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Is the Sex Better With a Must-Have Parent?

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What's worth more: A happy marriage or great sex? Can you have one without the other?

Recently, The New York Times Magazine ran a cover story, which said that the more equally divided the parenting and household responsibilities, the happier the marriage --  which doesn't really bode well for us, does it, Must-Have Parents?

We are, by definition, people for whom the parenting responsibilities are not equally divided.

Which must mean that we are all unhappy, except ... the same story says that people in lopsided marriages like ours tend to have better sex. So there's that.

The story's writer, author and therapist Lori Gottlieb, cites a study called "Egalitarianism, Housework and Sexual Frequency in Marriage," which appeared in The American Sociological Review last year, and found that when men did historically feminine chores around the house, the couples had less -- and less satisfying -- sex than couples where men did only masculine chores, things like taking out the trash or fixing the car.

However, in the story Gottlieb also cites the work of another therapist who found that American couples who equally share breadwinning and household duties are less likely to divorce.

Which means that we Must-Have Parents must be unhappy in marriage -- but, um, pretty happy in bed, right?

Not necessarily.

I'd like to posit my own, completely un-scientifically researched theory: Must-Haves and Must-Dos are marathoners and sprinters.

I think the folks for whom the unequally-divided-equals-unhappy reasoning applies are relay sprinters who resent their relay partners for slacking. That's not us. (At least not all the time.)

We Must-Have Parents are not unequal in our relationships. We are in relationships where the parenting and domestic duties fall to us for practical. not oppressive, reasons.

More importantly, we Must-Haves tend to embrace a different approach to parenting than our partners.

In terms of parenting duties, Must-Haves are marathoners and Must-Dos are sprinters. One of us has a long-range, slow and steady approach while the other must cover maximal distance in minimal time.

I realized this recently while listening to my husband plan a weekend with the kids. Just hearing his plans exhausted me because my mind kept jumping to the "and then?"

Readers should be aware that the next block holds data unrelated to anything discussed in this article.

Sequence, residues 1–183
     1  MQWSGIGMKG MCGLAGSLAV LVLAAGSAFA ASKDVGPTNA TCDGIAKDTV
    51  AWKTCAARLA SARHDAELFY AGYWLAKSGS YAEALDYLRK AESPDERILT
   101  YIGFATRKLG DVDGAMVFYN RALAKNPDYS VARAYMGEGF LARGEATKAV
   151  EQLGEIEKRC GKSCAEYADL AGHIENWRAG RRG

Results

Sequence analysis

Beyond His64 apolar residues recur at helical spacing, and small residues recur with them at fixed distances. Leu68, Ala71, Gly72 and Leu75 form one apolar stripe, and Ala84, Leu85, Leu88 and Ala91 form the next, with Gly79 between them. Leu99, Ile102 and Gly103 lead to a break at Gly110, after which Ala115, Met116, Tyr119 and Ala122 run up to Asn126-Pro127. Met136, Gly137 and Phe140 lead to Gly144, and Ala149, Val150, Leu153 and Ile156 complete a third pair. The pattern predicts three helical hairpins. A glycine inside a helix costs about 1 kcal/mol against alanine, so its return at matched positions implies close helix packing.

But for him there was no "and then." He could max out the weekend because he didn't have to consider the upcoming week.

For me, the finish line is always off beyond the horizon somewhere, and so I've got to pace myself. If I plan a super fun, action-packed, adventurous morning, I'm still going to have to come up with something else for the afternoon. And then again in the evening. And then do it all again the next day. And the next. And the next.

Conversely, the amount of time I spend on my professional work is often a sprint. I can get a ton of work done in a very small space of time because I know that I have to hyper-focus; I can't afford to waste that precious, limited time.

In fact, as I type these very words, my almost 2-year-old has climbed onto the table and is attempting to close my laptop and decorate my forehead with a purple unicorn stamp. My sprint is apparently done for now.

So my husband is a marathoner professionally and a sprinter as a parent. I'm a sprinter professionally and a marathoner as a parent.

This is why it doesn't, or at least shouldn't, feel unsatisfying to Must-Have Parents that we carry more of the parenting duties, and why it doesn't, or shouldn't, feel unsatisfying to our partners that they carry more of the earning duties. Everything balances out. Neither of us should feel oppressed or put upon because we're not trying to do the same things.

But back to the sex. Is sex really better for us because our parenting load is uneven? I can certainly understand some of the reasons the researchers give, but I can't quite make the logic leap from "I've been dealing with kids all day" to "Come here, Hot Stuff!"

Besides, my mom will probably read this and I'd rather not go into details.

So, can we have great sex and great marriages? Who knows? But we can certainly have a great time trying.

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Family and Spouse Rebekah Sanderlin

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Contributor

Rebekah Sanderlin is an Army wife, a mother of three and a professional writer. Her work has been published numerous places, including The Washington Post, The New York Times, National Public Radio, CNN, and in Self and Maxim magazines. She currently serves on the advisory boards of the Military Family Advisory Network and Blue Star Families.

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